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# Haskell program to check whether the input number is a Prime number

This tutorial discusses writing a program to check whether the input number is a Prime number in the Haskell programming language. Haskell is a Declarative, Strongly Typed, and Functional programming Language. The computations in Haskell are mathematical functions.

A prime number is a number having only 1 and the number itself as a factor. Note 1 is neither a prime nor a composite number because it has only one factor. For example, 3 is a prime number because it has only two factors 1 and the number 3 itself.

In this tutorial we see,

- Program to check whether a number is a prime number using a recursive function.
- Program to check whether a number is a prime number using list comprehension.

## Example 1

Program to check whether a number is a prime number using a recursive function

-- function declaration isPrime :: Int->Int->Bool -- function definition -- base case isPrime 1 i = False isPrime n i = if(i==n) then True else if ((mod n i) == 0) then False else isPrime n (i+1) main :: IO() main = do -- declare and initialize variables let n = 23 -- invoking the function isPrime let status = isPrime n 2 -- print the status if (status==True) then print ("The number " ++ show n ++ " is a prime number") else print ("The number " ++ show n ++ " is not a prime number")

## Output

"The number 23 is a prime number"

In the above program,

We declared a function isPrime as such it takes two integer arguments and returns a boolean value. In its function definition, it accepts two integer arguments n and i, where n is the number to which the status of the prime should be computed and i is an iterative variable used to recurse.

The function checks the value of n to that of i. If the value of the n is equal to i, the control is transferred to the then block where it returns the value False.

If the value of the n is not equal to i, the control is transferred to the else block where it checks the number n is divided with i. If n is divided by i then the function returns false i.e the number n has a divisor between 1 and n so it returns false. If n is not divided by i then the function returns a recursive call to itself with the arguments n and (i+1).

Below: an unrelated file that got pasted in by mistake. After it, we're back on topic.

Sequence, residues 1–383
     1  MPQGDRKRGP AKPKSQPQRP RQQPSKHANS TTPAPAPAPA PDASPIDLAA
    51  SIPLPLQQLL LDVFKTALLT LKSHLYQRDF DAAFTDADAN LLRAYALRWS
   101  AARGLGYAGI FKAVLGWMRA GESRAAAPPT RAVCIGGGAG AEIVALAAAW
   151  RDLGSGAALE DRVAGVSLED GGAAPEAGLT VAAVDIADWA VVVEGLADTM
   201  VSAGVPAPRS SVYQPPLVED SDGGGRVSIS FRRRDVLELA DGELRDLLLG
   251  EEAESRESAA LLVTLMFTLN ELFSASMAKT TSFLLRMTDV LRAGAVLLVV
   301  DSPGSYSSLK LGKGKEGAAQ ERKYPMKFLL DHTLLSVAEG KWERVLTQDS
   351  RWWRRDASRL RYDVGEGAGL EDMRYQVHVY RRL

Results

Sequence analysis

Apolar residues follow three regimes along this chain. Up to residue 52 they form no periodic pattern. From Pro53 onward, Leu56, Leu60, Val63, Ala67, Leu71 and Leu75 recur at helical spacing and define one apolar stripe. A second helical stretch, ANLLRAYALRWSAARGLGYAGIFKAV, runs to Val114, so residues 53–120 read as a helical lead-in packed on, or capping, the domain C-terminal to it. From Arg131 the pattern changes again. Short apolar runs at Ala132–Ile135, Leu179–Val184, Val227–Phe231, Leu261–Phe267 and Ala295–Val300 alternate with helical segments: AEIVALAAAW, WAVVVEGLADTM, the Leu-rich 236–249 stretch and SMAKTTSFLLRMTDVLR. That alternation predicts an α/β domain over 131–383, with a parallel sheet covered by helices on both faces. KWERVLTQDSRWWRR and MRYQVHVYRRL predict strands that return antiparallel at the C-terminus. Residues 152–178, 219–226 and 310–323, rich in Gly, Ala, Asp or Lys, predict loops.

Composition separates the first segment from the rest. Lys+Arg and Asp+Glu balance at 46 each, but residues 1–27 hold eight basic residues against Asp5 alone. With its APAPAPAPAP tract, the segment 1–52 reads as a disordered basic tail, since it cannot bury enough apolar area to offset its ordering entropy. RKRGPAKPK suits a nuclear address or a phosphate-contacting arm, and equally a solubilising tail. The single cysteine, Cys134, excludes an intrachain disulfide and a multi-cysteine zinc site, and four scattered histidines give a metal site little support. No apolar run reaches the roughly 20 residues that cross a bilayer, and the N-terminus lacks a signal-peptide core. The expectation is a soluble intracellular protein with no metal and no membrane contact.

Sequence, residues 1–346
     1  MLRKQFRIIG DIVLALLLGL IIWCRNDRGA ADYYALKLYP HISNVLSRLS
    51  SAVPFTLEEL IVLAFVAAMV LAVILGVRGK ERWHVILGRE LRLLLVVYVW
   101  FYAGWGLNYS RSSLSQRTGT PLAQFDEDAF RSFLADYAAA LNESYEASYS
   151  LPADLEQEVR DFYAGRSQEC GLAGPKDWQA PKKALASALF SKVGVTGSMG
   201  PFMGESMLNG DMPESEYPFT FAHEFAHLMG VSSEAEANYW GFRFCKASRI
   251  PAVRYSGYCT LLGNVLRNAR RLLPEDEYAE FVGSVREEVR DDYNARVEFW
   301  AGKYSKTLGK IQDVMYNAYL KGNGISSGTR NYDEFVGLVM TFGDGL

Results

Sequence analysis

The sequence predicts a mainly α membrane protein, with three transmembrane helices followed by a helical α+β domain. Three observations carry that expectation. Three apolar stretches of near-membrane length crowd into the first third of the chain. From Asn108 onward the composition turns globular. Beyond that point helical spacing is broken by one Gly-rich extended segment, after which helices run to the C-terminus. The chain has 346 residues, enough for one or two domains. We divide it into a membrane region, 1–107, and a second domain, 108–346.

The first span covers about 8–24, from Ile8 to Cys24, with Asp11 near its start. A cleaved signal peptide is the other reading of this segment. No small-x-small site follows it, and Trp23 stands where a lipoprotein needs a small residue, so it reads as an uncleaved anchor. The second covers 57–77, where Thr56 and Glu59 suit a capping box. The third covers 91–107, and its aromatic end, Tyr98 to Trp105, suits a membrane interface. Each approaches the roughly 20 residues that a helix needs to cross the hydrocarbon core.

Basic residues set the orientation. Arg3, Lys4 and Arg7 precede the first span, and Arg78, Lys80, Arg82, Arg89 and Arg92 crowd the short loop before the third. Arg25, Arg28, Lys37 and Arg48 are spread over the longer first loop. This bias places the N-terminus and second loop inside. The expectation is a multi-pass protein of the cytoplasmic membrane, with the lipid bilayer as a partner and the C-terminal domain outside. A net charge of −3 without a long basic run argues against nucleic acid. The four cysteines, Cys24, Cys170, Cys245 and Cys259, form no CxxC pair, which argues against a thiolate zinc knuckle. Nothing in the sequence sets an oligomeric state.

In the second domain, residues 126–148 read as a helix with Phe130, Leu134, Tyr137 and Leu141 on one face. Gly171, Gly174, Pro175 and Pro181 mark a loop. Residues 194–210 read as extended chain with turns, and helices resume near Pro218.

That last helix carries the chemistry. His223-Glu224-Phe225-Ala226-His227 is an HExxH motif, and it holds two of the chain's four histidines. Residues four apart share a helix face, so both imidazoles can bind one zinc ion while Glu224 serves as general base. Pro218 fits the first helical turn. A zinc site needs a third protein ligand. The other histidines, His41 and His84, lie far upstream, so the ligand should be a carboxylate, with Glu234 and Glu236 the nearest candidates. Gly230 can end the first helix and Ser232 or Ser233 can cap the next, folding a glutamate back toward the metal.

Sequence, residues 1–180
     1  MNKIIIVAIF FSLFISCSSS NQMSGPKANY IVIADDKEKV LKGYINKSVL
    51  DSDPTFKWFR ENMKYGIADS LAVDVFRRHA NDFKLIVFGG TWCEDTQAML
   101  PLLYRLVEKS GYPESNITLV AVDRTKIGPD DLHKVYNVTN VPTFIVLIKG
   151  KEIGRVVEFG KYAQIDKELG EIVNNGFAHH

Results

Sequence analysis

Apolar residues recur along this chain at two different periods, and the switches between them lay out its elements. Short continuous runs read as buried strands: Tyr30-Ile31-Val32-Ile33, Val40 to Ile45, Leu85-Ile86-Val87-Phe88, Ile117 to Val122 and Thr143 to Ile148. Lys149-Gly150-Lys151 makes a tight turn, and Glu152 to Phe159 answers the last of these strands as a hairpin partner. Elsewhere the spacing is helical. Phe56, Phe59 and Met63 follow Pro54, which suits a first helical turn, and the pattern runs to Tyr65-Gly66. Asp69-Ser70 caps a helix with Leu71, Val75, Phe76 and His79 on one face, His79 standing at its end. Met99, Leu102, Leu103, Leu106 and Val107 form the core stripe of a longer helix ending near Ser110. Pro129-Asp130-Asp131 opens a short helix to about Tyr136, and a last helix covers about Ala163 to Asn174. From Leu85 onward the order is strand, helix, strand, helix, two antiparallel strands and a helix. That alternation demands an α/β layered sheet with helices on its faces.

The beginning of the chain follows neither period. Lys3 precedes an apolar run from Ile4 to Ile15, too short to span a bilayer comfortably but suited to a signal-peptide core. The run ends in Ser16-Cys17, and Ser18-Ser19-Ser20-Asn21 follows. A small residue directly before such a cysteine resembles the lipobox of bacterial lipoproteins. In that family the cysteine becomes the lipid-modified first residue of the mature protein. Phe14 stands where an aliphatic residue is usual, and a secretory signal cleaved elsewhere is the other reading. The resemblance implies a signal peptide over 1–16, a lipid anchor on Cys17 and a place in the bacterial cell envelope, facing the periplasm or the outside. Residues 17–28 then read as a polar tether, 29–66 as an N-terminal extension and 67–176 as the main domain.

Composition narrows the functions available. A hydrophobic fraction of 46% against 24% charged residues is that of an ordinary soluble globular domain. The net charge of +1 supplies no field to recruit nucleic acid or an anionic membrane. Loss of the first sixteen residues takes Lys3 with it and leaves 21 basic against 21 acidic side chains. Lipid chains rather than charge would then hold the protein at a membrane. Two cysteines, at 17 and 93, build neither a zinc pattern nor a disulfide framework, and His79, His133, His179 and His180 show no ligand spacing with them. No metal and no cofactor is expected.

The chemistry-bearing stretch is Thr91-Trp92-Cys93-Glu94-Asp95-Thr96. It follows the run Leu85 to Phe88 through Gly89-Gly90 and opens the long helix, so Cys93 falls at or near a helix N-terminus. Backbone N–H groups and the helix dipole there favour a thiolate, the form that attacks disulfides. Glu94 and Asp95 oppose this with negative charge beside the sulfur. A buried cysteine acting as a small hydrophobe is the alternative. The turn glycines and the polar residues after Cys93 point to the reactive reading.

The recursive calls are invoked until the iterative variable I reaches the value of n denotes that the number is a prime. The base case for the function is defined as if the value of n is 1 then the function returns False as 1 is neither a prime nor a composite number.

In the main function, a variable is initialized for n, and the function isPrime is invoked with arguments n and 1 where the second argument is iterative values used to recurse. The returned output is loaded into a variable status. Finally, the value of the status is checked, If the value of the status is true the program prints “the number is a prime” else the program prints “the number is not a prime”.

**Note** − The function show takes the argument of a number and returns the parsed string of a number. “++” is an operator to concatenate strings in Haskell.

## Example 2

Program to check whether a number is a prime number using List Comprehensions

-- function declaration isPrime :: Int->Bool -- function definition -- base case isPrime 1 = False isPrime n = and [(mod n i)/=0 | i<-[2..(n-1)]] main :: IO() main = do -- declare and initialize variables let n = 23 -- invoking the function isPrime let status = isPrime n -- print the status if (status==True) then print ("The number " ++ show n ++ " is a prime number") else print ("The number " ++ show n ++ " is not a prime number")

## Output

"The number 23 is a prime number"

In the above program,

We declared a function isPrime as such it takes an integer as an argument and returns a boolean value. In its function definition, the function accepts an argument n where n is the number to which the status of the prime is to be checked. In the function, a list of boolean values is generated by generating numbers from 2 to n-1 and returning the number as boolean values by dividing the number n with i and checking the computed value with 0.

The list comprehension generates a list of boolean values representing numbers between 1 and n-1. If the number can be divided with i then the respective boolean value is False else the respective boolean value is True.

We invoked a function, which takes a list of boolean values as arguments and returns the cumulative operation of all boolean values in the list.

This function returns true if all the values in the list are true i.e the number has no divisors between 1 and n. Concluding that a number is a prime number. Else if any of the values in the list is False then the function returns true i.e the number had a divisor in the range between 1 and n.

The base case for the function is defined as if the value of n is 1 then the function returns False as 1 is neither a prime nor a composite number.

In the main function, a variable is initialized for n, and the function isPrime is invoked with argument n. The returned output is loaded into a variable status. Finally, the value of the status is checked, If the value of the status is true the program prints “the number is a prime” else the program prints “the number is not a prime”.

## Conclusion

In this tutorial, we discussed implementing a program to check whether the input number is a prime number in the Haskell programming Language.

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